Ah, the elevator pitch. That magically concise statement of your background, experience and ambition, all neatly trimmed down to 30 seconds, which can, rendered persuasively, land you your next job.
As I walked behind two professionally dressed older men, I couldn’t help but overhear their conversation. I was heading to a class that promised to address public speaking anxiety. Apparently, these two men were headed in the same direction.
You’ve been invited to an interview and know that you’ll get just one shot at winning the position behind it. How do you plan for success?
Have you ever written an email, clicked send and then found an embarrassing mistake? Often, you don’t see that misspelled word or insensitive phrasing until it’s too late, right?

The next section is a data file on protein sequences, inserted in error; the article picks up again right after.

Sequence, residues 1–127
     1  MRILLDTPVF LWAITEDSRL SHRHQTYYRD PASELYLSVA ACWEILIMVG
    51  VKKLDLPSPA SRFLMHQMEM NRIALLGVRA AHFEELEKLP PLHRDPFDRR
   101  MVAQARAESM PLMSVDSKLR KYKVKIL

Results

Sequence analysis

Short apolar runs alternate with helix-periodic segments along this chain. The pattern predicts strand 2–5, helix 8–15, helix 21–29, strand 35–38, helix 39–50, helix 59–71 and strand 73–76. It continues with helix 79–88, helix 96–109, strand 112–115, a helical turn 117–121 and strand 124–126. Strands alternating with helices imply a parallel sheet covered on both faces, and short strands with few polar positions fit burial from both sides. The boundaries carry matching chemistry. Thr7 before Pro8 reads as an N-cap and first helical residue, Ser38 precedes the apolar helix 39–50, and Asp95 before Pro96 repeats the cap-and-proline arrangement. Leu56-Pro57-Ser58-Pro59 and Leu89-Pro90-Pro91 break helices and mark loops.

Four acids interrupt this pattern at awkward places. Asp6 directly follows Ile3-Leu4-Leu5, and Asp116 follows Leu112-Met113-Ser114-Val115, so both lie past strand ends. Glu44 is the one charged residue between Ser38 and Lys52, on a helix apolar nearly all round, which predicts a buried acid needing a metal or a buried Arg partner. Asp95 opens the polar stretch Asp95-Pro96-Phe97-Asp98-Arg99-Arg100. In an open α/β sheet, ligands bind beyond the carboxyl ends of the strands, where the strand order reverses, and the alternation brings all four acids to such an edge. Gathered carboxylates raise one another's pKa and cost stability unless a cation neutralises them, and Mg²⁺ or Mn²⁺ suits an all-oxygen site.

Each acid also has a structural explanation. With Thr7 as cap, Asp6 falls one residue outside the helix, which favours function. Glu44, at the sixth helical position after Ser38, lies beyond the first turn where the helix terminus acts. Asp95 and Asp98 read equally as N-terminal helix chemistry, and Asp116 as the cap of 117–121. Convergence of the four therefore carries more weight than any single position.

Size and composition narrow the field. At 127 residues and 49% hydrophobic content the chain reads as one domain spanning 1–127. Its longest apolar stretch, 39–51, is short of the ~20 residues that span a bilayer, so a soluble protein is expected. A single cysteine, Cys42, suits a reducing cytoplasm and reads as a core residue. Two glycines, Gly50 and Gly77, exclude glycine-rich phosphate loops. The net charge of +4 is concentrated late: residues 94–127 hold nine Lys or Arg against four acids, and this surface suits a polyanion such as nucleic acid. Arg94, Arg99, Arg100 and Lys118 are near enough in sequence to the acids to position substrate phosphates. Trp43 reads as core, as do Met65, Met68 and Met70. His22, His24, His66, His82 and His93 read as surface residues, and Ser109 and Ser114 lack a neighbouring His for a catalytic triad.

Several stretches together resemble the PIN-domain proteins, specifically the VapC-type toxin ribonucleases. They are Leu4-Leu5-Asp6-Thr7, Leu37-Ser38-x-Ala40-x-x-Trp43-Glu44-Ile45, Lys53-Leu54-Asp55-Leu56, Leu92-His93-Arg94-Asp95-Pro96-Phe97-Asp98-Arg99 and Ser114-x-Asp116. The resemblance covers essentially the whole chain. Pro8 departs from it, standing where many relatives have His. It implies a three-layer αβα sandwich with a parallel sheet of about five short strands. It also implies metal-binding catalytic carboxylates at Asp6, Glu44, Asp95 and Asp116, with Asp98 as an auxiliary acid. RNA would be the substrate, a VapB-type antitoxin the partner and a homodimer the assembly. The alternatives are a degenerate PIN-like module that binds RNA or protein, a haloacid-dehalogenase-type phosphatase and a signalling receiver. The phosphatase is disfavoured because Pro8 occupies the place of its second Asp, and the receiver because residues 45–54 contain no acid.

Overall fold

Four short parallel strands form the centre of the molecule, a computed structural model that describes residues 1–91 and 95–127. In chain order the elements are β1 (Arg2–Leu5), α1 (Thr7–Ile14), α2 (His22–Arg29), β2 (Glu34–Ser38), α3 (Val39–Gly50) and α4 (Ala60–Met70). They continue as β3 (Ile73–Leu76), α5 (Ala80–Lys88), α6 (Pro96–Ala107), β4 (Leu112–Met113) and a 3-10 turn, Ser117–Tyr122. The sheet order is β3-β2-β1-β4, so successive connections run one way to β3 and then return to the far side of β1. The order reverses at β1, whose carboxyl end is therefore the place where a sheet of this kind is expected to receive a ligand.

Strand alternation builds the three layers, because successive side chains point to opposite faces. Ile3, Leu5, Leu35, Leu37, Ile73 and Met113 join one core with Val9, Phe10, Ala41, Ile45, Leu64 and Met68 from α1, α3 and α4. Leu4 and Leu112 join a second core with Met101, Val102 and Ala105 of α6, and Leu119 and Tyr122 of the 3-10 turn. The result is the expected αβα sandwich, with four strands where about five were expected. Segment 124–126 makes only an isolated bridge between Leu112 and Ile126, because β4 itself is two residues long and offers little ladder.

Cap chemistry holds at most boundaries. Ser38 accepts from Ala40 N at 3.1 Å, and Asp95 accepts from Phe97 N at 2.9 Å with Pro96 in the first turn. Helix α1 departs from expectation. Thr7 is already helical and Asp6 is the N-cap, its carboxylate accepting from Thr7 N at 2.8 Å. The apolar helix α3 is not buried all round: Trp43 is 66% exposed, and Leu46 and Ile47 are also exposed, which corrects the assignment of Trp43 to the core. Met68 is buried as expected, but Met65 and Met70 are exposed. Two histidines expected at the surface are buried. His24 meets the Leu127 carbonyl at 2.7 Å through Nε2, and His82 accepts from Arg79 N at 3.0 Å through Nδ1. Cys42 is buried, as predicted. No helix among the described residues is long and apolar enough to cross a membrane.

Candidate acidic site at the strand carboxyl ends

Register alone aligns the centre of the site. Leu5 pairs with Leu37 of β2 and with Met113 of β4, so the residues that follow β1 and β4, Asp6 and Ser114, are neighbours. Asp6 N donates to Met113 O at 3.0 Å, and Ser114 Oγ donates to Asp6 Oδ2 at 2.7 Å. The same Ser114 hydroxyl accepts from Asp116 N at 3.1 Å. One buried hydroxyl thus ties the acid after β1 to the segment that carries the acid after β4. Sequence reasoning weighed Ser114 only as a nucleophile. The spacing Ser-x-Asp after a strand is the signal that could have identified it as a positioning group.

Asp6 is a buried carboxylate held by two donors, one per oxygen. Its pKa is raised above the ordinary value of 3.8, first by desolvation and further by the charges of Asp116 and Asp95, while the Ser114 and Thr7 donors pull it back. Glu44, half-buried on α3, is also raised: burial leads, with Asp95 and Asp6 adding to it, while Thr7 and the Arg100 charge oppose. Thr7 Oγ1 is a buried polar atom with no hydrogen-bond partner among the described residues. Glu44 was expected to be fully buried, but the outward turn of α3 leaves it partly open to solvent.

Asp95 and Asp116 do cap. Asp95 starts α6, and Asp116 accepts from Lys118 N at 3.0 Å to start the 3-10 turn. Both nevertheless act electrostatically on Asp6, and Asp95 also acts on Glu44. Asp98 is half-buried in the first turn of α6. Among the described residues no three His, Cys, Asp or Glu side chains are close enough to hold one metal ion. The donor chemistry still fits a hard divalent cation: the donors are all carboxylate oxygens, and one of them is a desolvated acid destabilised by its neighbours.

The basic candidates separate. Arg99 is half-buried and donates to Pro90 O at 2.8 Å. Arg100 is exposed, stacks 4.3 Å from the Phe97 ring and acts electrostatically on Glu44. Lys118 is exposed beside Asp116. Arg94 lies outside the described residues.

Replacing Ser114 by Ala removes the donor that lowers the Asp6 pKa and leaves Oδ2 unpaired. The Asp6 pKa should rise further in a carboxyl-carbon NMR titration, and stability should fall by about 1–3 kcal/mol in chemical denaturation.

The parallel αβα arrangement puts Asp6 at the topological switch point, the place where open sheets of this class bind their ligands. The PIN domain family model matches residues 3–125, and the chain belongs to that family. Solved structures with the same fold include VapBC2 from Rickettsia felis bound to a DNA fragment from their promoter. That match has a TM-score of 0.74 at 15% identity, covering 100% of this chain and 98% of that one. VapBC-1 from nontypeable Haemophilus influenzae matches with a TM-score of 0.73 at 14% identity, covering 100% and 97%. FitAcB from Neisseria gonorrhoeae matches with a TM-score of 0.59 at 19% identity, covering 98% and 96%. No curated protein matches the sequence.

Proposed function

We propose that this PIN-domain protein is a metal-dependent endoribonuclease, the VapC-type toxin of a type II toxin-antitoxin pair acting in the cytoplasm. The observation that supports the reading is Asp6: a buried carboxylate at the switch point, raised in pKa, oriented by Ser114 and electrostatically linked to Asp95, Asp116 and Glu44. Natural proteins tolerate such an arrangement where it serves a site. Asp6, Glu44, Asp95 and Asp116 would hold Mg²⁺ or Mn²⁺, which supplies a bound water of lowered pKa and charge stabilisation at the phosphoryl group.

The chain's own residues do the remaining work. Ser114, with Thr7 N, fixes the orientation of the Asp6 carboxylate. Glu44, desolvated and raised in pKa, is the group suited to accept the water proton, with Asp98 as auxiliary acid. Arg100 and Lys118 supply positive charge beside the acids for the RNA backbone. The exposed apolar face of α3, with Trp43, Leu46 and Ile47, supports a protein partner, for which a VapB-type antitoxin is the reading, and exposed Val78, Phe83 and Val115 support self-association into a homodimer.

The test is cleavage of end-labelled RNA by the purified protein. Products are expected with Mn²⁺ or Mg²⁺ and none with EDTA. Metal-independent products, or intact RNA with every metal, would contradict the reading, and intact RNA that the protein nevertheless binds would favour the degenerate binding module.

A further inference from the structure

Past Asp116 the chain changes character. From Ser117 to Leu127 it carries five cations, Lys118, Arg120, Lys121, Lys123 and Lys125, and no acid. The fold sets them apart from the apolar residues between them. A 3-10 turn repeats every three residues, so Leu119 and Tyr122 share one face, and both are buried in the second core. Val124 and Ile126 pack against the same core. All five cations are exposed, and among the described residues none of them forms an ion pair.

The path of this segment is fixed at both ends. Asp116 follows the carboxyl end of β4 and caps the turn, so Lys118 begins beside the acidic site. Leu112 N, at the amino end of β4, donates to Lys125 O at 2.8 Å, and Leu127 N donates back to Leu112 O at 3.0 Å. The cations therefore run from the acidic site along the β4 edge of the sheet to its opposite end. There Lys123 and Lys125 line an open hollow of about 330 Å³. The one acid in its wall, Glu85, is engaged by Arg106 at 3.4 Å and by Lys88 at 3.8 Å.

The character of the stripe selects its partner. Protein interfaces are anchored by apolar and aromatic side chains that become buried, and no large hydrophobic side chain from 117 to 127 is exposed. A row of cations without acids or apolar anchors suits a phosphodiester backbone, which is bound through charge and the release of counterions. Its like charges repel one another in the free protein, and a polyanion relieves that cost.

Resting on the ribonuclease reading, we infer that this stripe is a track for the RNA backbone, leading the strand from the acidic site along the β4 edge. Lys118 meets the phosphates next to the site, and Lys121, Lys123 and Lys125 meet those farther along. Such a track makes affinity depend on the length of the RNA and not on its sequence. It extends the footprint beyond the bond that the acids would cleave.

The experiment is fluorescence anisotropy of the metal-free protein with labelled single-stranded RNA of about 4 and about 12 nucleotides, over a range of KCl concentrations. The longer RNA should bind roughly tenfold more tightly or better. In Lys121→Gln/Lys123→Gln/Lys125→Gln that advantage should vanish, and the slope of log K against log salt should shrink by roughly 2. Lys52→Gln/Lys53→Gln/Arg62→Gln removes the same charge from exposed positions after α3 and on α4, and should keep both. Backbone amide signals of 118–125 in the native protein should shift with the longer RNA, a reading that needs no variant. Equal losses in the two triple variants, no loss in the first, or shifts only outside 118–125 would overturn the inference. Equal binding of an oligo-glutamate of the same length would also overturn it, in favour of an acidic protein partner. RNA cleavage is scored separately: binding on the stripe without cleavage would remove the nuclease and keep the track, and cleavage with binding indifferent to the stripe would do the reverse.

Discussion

Stung by a Millennial colleague who’d branded her an old lady, Connie did not drown her sorrows in a glass of Chardonnay. She took stock of the sobering situation with characteristic determination.
Are you naturally inquisitive? Do you love to learn? I certainly do. From my perspective, it makes life much more interesting. Health experts are currently telling us that learning something new every day, whatever our age, keeps us healthy.
Connie remembered the discomfort of her first business meeting.
A cocky college grad with a newly minted business degree, she entered the conference room tucked inside a bubble of scholastic self-confidence only to leave an hour later with a stunned sense of reality.
After losing a job, it seems that everyone has somewhere to go each day but us. Driving next to others, they seem like they are on a mission to get to work to perform a job that we no longer have. Why them and not me, we would ask?